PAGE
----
Ted Ridgway with the chaff cart he adapted with his son, Andrew, to fit their header on the family’s farm at Pine Hill, South Australia.
PHOTO: Deanna Lush
While herbicide resistance was not a big issue on his farm, South Australian grower Ted Ridgway could nonetheless see a looming problem with herbicide-resistant ryegrass if he did not try something new.
Ted farms 1400 hectares at Pine Hill, in SA’s upper south-east, with his wife Janette and their son Andrew. They grow wheat, barley, canola and faba beans, and run a 1000-head Merino flock and a small horticulture business growing gladioli bulbs.
Ted says herbicide-resistant ryegrass is a challenge, with older Group A chemistries no longer effective in controlling the weeds on their property. While newer herbicides, such as Sakura® in wheat and Select® in canola, are working well in controlling ryegrass, Ted realised he needed to diversify his control practices before he lost the new chemicals to resistance as well.
The family had previously tried narrow windrow burning, but their location in a high-rainfall area meant large stubble loads, and with that came issues containing windrow fires. So they opted for a new approach. Ted had had the idea of chaff carts for a while, having been to field days where the machines were talked about as a harvest weed-seed control option, but he thought this approach might be too expensive and difficult.
“Two years ago a grower nearby bought a second-hand header that came with a chaff cart he didn’t want. That got me thinking and so we bought it,” Ted says.
The newly acquired chaff cart was quite old, fed by the blower on the back of the harvester rather than the more modern conveyor system. So Ted and Andrew, who both have a passion for engineering, built their own conveyer system for the chaff cart and matched it to their Gleaner R65 harvester.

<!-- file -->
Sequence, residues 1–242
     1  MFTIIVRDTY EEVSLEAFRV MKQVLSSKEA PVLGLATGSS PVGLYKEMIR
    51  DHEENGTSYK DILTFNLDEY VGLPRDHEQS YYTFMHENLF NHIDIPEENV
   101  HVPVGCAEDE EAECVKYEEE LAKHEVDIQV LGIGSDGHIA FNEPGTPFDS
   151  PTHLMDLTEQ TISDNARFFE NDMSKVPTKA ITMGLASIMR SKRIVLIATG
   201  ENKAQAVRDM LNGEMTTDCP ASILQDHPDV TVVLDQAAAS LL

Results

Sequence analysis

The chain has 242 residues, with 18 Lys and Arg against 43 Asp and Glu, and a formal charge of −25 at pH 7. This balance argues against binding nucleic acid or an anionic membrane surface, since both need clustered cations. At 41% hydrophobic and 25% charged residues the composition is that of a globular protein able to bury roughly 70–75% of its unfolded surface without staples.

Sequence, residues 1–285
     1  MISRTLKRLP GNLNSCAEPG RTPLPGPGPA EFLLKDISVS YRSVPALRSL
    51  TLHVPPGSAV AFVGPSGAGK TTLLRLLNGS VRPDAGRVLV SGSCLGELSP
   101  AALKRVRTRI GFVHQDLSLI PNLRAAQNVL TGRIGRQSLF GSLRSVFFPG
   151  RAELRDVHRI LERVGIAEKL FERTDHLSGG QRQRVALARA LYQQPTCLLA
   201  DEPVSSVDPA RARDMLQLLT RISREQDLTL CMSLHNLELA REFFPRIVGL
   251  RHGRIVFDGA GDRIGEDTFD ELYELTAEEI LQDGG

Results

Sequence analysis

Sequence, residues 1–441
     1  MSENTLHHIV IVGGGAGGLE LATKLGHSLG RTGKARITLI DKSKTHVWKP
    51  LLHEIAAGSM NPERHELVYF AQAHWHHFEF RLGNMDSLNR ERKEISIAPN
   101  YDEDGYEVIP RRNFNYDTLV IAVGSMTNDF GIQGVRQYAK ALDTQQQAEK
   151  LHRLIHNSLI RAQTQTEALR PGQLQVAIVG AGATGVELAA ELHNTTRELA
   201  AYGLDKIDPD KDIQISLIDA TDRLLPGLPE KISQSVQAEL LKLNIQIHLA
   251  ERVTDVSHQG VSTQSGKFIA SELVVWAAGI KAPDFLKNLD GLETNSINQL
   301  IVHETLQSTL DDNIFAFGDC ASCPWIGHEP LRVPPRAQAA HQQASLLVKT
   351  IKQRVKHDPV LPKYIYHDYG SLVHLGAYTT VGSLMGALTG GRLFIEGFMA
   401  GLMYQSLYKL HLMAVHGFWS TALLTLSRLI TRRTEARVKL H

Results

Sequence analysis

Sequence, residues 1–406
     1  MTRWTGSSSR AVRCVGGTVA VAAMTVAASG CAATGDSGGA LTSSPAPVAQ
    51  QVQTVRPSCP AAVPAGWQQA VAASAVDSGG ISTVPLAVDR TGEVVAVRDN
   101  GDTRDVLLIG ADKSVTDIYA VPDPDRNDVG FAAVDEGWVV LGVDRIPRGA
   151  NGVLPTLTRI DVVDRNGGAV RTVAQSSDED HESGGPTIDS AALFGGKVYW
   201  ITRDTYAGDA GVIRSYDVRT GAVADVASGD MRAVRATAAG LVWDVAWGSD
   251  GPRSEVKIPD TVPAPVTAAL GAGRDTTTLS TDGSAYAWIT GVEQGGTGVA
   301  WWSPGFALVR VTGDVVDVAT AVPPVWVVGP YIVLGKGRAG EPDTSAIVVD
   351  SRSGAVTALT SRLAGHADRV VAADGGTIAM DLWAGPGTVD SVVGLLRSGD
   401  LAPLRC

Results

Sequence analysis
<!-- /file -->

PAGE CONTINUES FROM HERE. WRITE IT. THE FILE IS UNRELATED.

During the modification process, Ted was on the phone to growers in Western Australia who had more experience with chaff carts. There were plenty of technical issues to resolve and the persistent message from the WA growers was ‘don’t give up’.
However, with 2014 a lean year for yields in SA’s upper south-east, the Ridgways had more time to sort out teething issues.
The Ridgways used the chaff cart on all their crops except canola. Then, instead of burning the dumped chaff heaps, the Ridgways used the trash as a summer feed reserve. They ran ewes and lambs on heaps of cereal chaff and crossbred lambs on heaps of bean chaff.
Ted says one of the biggest benefits for the sheep is the cart catches all the material coming out the back of the header: “Although it’s the ryegrass seeds that we are really after, it’s surprising how much grain you catch as well.”
The chaff was dumped in piles either at each end of a paddock or in the middle.
“One grower I spoke to in WA recommended running over the heaps with a cultivator, which we did, levelling them to about 10 to 15 metres wide.
“We then brought in about 300 sheep and they foraged on the piles for four or five weeks. The sheep did really well on the chaff heaps, so much so that we only started hand feeding in early May.”
Sowing into the remnants of the grazed chaff heaps presented minimal issues in 2015, Ted says, although paddocks with heaps that were not levelled caused some trash-flow issues.
The GRDC-funded Australian Herbicide Resistance Initiative recommends the use of chaff carts as part of a 10-point plan on the WeedSmart website to help manage weeds.
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Ted Ridgway using a chaff cart – video
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